Handling sexual slavery in Spain

The Spanish Christian association Diaconia, organised a seminary about human trafficking for sexual exploitation. Representatives of all political parties debated about prostitution.

Evangelical Focus

Protestante Digital · MADRID · 11 DECEMBER 2015 · 19:40 CET

Many people attended the Seminary,
Many people attended the Seminary

On December, 2, the International Day for the Abolition of Slavery, the Christian Spanish association, Diaconia, organized its second seminary about the business around human trafficking, with the motto #rompelacadena (#breakthechain)

Representatives of the police, the public prosecutor office, mass media, NGOs, gathered together to analyse and discuss about the great business human slavery generates worldwide.

Additionally, to finish the program, there were a political roundtable, where all the political parties debated their electoral propositions regarding prostitution and the fight against human trafficking and slavery.


Rosa Cobo, director of the Center for gender and feminist studies of the A Coruña University in Spain, gave a talk called “Human trafficking for sexual exploitation, a transnational business. An analysis of its relationship with the prostitution.”

Cobo believed that “prostitution can only be understood through violence against women, because “there is not prostitution without violence and poverty.”

Human trafficking victims are younger each year, and this rise is “way of economic exploitation, which destroys women´s identity.” She emphasised the importance of using a correct vocabulary: “they are exploiters, no sexual workers, prostitution contributors, not clients.”


The theme was #rompelacadena #breakthechain

Since October 2014, prostitution is used to calculate the GDP. Cobo affirmed that that policy only “legitimate women´s social and economical exploitation.”



Peru, Colombia, Paraguay, Argentina, Spain: girls of 15, 16,17 and women who dream with a better future, are deceived with false promises, many times by their own families, who make them believe that going to Spain will open new opportunities for them.

But when they arrive in Spain, they become “the new girls who are available 24 hours for anyone who is willing to pay for their services.” That is the script of “New girls, 24 hours”, the documentary which was exhibited in the Seminary.

Mabel Lozano, the director, who has made other documentaries of the same topic, stressed the importance of the education to fight against sexual slavery.

“Human trafficking is a crime which has the face of girls and women”, she said, and to finish with it, “it is crucial to prevent in origin and make people aware in the destination countries.”



Joaquín Sánchez-Covisa, a prosecutor who works with human trafficking and slavery crimes, explained that human trafficking for sexual exploitation was categorized as an specific crime in Spain only in 2010.

“Although this year we have won 14 sentences, there is still a lot of work to do, because Spain has been a paradise for this kind of crimes for many years”, he commented.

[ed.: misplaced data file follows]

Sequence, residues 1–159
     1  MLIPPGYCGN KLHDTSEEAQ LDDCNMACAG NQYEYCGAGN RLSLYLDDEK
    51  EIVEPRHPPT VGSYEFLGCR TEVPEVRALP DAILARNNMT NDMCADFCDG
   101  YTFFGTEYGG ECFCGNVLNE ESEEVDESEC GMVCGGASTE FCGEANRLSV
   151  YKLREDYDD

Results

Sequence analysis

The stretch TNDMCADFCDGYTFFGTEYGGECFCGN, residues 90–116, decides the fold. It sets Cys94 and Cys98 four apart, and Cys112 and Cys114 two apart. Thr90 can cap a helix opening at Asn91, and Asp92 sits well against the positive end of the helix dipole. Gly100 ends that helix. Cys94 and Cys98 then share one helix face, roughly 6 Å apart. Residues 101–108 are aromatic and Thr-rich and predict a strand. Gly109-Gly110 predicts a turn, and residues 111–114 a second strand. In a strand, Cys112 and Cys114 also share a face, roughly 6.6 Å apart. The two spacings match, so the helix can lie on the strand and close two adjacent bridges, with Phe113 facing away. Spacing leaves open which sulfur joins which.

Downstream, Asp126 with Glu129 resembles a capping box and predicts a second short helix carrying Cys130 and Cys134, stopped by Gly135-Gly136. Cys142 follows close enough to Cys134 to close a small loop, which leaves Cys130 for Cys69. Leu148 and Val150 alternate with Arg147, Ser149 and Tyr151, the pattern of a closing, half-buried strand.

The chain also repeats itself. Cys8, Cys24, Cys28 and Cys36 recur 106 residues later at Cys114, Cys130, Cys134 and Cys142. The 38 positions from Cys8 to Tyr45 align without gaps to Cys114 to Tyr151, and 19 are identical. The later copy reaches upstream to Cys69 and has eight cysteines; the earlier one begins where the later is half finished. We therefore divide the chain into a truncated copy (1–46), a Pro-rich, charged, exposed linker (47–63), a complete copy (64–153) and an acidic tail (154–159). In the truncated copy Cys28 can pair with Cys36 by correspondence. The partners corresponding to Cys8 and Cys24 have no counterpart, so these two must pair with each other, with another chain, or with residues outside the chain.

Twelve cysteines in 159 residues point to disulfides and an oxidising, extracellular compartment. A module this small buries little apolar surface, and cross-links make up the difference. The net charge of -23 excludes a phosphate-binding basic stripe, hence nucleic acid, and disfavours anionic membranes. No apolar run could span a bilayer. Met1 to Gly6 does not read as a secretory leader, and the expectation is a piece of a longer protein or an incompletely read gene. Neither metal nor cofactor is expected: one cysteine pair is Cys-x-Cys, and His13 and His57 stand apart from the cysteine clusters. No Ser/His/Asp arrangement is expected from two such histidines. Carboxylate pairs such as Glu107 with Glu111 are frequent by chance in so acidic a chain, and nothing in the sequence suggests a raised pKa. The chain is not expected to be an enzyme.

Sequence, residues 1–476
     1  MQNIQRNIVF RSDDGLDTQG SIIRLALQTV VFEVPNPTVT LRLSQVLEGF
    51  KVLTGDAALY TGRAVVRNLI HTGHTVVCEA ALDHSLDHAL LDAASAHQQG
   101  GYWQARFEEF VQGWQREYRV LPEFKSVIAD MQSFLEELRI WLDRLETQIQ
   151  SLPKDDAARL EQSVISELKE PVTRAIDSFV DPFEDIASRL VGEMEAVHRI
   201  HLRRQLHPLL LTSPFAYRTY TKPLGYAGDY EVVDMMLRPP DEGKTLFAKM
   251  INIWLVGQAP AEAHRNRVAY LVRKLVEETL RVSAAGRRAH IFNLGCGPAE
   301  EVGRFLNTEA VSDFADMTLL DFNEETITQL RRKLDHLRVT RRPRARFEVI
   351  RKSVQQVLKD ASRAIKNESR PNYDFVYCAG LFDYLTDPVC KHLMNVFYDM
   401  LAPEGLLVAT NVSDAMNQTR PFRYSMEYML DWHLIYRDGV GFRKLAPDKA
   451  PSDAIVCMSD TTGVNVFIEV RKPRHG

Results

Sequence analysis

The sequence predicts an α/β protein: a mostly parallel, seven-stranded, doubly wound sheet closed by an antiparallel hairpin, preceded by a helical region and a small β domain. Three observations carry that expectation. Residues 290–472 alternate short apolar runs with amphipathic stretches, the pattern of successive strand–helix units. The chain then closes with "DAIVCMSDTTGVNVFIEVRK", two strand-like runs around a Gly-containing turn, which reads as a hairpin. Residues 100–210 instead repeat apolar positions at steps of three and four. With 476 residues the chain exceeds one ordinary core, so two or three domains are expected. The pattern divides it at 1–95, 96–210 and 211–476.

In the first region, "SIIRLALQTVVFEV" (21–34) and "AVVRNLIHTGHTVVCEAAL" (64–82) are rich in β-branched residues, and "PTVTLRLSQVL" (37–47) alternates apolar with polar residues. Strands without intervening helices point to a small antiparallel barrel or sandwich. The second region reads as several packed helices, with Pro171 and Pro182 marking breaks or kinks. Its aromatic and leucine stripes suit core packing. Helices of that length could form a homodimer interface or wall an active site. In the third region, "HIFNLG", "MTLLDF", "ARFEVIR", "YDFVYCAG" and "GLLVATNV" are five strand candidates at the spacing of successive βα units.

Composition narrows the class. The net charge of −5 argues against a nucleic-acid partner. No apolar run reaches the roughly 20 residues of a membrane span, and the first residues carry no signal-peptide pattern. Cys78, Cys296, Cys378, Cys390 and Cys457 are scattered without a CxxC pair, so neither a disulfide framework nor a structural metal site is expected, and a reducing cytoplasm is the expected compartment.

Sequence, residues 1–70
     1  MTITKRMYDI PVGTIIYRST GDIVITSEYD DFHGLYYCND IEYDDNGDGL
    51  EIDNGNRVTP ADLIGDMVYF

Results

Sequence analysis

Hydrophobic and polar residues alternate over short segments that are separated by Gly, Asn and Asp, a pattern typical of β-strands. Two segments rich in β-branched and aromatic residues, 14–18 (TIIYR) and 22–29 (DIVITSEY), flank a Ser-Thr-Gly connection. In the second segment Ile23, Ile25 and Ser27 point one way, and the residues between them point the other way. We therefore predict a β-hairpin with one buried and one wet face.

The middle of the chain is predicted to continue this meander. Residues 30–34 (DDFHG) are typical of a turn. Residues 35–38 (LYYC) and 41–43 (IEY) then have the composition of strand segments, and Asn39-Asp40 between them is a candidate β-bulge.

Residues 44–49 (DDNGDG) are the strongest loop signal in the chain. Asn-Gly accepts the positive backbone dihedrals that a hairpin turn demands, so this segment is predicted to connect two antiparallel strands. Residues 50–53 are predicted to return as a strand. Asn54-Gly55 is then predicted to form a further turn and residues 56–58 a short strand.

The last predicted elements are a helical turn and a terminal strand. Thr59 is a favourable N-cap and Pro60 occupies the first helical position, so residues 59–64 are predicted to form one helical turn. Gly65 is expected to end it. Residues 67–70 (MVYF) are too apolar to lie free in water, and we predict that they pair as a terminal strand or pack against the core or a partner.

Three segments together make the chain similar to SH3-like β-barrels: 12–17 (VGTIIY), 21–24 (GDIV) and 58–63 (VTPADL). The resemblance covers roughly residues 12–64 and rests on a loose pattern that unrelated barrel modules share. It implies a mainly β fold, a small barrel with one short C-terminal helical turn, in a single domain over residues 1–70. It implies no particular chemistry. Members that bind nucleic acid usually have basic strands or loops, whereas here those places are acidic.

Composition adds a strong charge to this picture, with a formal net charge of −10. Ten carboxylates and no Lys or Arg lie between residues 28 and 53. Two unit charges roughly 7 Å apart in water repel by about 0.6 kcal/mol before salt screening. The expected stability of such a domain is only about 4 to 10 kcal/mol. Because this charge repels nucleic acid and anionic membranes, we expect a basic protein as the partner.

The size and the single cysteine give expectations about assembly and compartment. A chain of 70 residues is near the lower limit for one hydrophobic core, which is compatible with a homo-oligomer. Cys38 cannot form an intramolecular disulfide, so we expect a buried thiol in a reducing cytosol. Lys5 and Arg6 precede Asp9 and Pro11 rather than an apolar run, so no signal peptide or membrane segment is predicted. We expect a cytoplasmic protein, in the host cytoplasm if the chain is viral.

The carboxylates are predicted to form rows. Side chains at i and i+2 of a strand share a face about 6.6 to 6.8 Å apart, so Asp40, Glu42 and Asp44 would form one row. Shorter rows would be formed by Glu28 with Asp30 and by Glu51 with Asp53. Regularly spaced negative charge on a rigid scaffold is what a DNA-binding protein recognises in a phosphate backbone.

Jose Nieto, a Police chief specialized in these kind of crimes, affirmed that the authorities “do not fight against migration movements, but against those who use them to exploit others.”


Mabel Lozano, director of  the documentary “New girls, 24 hours”



The biggest newspapers in Spain have sexual ads. As one of the journalists said during the seminar: “Not having those ads is a very difficult decision professionally, because it gives a lot of money.”

“The main Spanish newspaper receives 5 million Euros every year, for more than 500 sexual ads.



“What cannot be seen, it is invisible”, argued Rocio Mora, an expert of Human trafficking who works in an association that help victims to have a better life, to explain that “many times sexual slavery victims are not in the streets, but in private clubs, or in road motels.”

Mora emphasised that “working at the origin is vital, because the Mafia facilitates the migration, and the biggest risk factor is being a woman.”

The victims support in the destination country is also very important, in fact, as the police explained: “95% of women who are liberated from sexual slavery, prefer to stay in Spain that going back home.”



The last act of the seminary was the political roundtable, with the representatives of all the parties who will participate in Spain national elections next December, 20.


Representatives of all political parties debated about prostitution.

All of them agreed on condemning and fighting against human trafficking for sexual exploitation, but the differences came when each of them explained their point of view and measures about prostitution.

When they were asked which model, the Dutch or the Swedish, will they approve if they become the party in the government, the differences were so clear.

While 3 of the parties ( Podemos, Ciudadanos and UpyD) believe in an “ hybrid model” between the 2 others, the rest of the parties (PSOE, IU, Podemos) supported the Swedish model.

Besides, the latter agreed that “prostitution is a crime in all its ways”, so that they “will not allow anyone to buy the woman body, we are abolitionist.”

But the other 3 parties, agreed on “persecuting all kind of prostitution that exploit human beings, but to support and guarantee the rights of those who practise prostitution freely and voluntarily.”

The Seminary was closed by Diaconia´s president and the Evangelical Madrid Council´s Secretary General.

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